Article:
The biodiversity of plants is amazing. They provide the basic requirements for human survival.
We are using food, fibre, fire wood that comes directly from plants.
Biodiversity is required for the sake of plants to be able to provide different ecosystems services for human well being. The decline of biodiversity results in the disturbance of the ecological network that supports the Earth systems and provides the ecosystem services.
Biodiversity is often identified with species richness as extinctions are the most evident signs of the loss, however, biodiversity includes other levels of organisation, e.g. habitat types.
The role of Botanical Gardens and their scientific collections of living plants are globally more and more appreciated. The primary reason is that habitats are being destroyed with an unprecedented rate by direct and indirect human activities. There are certain species that we can only find in Botanical Gardens as they went extinct in their natural habitat. This genetical information carried by the last heralds is irreplaceable.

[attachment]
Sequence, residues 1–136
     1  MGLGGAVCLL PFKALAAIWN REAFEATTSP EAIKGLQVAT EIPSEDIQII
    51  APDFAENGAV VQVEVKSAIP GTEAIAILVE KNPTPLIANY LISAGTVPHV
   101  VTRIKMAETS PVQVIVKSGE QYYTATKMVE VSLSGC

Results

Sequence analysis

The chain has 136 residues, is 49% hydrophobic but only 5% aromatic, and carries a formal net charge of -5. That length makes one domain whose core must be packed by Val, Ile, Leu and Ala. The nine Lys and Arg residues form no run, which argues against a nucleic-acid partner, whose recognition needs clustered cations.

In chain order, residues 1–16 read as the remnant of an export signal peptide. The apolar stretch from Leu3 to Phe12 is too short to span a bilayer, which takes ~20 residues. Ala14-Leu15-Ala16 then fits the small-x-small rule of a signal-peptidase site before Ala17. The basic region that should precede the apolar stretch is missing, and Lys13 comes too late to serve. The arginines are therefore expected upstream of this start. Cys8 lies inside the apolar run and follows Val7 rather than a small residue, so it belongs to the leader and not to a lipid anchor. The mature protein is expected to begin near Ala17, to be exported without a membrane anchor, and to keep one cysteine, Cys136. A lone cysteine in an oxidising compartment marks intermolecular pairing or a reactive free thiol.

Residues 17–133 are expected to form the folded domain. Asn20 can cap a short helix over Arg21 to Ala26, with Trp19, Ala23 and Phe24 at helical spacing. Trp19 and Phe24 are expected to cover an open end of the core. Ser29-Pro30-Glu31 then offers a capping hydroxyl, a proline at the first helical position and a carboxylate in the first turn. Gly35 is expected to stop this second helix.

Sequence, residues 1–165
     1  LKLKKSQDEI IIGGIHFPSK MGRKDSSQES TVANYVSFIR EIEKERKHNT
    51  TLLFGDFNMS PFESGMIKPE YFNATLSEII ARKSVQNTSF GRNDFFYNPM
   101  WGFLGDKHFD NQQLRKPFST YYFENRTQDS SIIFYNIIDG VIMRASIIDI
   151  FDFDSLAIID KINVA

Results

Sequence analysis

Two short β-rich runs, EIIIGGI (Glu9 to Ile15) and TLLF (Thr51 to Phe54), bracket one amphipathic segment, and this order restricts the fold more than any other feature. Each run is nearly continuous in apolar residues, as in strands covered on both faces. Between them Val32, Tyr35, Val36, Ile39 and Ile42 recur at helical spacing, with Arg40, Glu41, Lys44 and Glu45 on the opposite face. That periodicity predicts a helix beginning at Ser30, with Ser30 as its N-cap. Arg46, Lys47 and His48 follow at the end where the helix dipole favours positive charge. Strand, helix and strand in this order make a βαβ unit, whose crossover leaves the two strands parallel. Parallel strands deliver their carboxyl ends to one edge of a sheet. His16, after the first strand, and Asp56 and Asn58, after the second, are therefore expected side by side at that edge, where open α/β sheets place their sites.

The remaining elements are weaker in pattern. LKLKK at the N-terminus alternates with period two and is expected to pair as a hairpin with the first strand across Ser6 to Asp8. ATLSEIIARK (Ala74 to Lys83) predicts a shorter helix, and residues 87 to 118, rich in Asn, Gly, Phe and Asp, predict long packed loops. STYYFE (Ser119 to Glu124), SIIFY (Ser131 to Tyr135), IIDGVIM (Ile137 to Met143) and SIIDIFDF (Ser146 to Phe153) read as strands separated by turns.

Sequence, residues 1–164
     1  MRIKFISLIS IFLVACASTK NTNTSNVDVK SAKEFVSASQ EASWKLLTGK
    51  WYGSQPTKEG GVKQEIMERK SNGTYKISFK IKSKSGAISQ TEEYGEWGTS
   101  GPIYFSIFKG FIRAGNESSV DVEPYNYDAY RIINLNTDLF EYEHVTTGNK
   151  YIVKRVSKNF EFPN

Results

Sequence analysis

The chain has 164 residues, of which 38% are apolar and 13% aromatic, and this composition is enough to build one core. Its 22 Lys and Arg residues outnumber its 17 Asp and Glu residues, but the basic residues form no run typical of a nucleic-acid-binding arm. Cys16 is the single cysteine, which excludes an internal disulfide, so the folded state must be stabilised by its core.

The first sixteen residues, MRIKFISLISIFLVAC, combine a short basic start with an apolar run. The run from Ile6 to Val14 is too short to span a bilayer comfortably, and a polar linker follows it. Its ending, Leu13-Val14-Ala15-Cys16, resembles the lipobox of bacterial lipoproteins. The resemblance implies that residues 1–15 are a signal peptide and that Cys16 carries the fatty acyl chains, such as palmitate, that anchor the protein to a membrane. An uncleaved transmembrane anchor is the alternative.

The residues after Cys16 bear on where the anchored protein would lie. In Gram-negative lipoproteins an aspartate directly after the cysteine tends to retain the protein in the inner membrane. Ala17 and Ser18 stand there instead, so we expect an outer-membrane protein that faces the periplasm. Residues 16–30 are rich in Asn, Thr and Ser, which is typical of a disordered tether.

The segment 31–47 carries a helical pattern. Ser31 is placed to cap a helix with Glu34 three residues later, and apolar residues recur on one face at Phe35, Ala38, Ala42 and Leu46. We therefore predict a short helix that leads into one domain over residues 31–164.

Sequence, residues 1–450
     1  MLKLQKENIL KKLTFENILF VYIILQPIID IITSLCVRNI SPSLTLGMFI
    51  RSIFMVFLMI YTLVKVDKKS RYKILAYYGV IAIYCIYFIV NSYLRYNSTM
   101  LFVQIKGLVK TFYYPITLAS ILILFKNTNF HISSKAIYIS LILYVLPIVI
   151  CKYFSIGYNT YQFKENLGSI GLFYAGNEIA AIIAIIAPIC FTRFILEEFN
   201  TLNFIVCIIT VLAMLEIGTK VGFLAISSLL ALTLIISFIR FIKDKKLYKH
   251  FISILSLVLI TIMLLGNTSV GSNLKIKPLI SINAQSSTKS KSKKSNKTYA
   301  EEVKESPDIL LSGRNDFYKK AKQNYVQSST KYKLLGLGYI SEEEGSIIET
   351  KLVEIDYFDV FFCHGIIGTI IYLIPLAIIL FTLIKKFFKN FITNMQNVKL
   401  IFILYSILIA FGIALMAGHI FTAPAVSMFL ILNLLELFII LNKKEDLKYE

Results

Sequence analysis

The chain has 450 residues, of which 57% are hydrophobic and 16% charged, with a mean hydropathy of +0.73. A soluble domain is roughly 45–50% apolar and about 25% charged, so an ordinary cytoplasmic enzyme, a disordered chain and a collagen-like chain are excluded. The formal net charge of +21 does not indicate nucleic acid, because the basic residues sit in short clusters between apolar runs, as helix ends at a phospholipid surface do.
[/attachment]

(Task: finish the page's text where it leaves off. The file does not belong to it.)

The Botanical Gardens as gene reserves ensure the preservation and the potential re-introduction of several protected and endangered species.
They also provide shelter to potential food plants, which may thus survive the extreme conditions occurring as a result of climate change. Botanical Gardens are basic institutions of environmental education. The greenhouse collections aim to expand the knowledge of the visitors and highlight the importance of biological diversity.
Several international conventions have been created for the protection of nature and the environment, the most important being the Convention on Biological Diversity (Rio Convention).
The Botanical Gardens have an active role to realise the tasks described in the Habitat Directive.
The Global Strategy for Plant Conservation (GSPC) aims for 60% of endangered species to be part of ex-situ collections by 2010.